A new study is stressing that a growing number of Canadians are insolvent — lacking financial stability to pay back debt — due to their student loans. And they’re only getting younger, too.
According to the study released by Hoyes, Michalos & Associates Inc., an accounting firm based in Toronto, student debt contributes to one out of six cases of insolvencies (17.6%) among Ontarians in 2018.
Extending that Canada-wide, in 2018 alone, it estimates that roughly 22,000 Canadian ex-students filed insolvency related to their student debt. Among those, almost a third (30.6%) are filed by people under the age of 29, an increase almost 10% from 2011 (21.9%), when the firm first began their study.
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“The people we see coming into our offices struggling with student loans are getting younger each year,” said Doug Hoyes, the firm’s co-founder, in a statement.
Insolvencies aside, the study says that more students are requesting and receiving financial aid to help pay for their studies. In the last 10 years alone, it says, Canada Student Loans paid out 47% more in loans to 31% more students.
The study calls student debt in Canada a “crisis” and an “epidemic” with multiple contributing factors.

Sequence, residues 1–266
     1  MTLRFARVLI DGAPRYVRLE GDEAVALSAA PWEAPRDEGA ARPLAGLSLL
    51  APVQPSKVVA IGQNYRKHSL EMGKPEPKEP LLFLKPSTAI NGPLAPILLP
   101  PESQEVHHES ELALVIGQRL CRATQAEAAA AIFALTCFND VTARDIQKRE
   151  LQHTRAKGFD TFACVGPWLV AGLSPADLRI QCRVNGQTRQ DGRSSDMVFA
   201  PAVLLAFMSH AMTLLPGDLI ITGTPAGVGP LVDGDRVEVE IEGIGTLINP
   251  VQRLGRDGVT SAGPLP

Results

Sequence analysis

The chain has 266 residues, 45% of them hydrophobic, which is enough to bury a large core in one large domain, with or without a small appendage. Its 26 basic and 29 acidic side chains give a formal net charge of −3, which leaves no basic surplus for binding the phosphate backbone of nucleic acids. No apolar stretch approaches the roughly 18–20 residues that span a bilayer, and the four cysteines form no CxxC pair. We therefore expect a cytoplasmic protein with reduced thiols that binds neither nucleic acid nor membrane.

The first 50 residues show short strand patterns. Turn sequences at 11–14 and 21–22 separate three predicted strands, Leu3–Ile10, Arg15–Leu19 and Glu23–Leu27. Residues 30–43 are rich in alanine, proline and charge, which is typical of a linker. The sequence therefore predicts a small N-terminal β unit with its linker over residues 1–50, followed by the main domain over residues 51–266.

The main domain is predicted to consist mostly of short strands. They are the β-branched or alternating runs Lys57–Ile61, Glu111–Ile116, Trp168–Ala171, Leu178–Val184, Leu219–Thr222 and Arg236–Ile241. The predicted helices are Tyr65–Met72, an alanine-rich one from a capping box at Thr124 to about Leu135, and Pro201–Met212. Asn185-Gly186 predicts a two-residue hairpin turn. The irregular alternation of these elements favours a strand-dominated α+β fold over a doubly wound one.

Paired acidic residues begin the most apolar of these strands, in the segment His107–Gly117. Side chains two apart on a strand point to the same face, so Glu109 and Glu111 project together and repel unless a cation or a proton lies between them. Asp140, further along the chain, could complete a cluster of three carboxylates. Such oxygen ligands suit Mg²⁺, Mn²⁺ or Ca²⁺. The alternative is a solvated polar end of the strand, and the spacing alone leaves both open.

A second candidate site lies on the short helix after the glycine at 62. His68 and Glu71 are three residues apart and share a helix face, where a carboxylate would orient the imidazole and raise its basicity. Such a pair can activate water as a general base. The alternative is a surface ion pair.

Among them, the firm cites rising tuition — which, in the last two years, has gone up 3.7% in Canada and 4.6% in Ontario, according to the study — as a main contributing factor hindering people’s ability to pay back their student loans.
It also cites job-related challenges contributing to the issue, such as unpaid internships, part-time positions, and minimum wage jobs preventing debtors from making enough money to pay back their loans after graduation.
As part of the study, the firm cites the waiting period to have student debt discharged through bankruptcy associated with government-guaranteed debt as an issue.
After graduating, Canadians must wait seven years before they can resolve their government-guaranteed student debt through bankruptcy and consumer proposal, but there is no such waiting period for private student debts as a result of things like bank loans and student line of credit.
In a statement, Doug Hoyes said it’s about time that waiting period was eliminated.
“It is inequitable to penalize a student just because they used government student loans when another student using private debt can get relief immediately,” he said.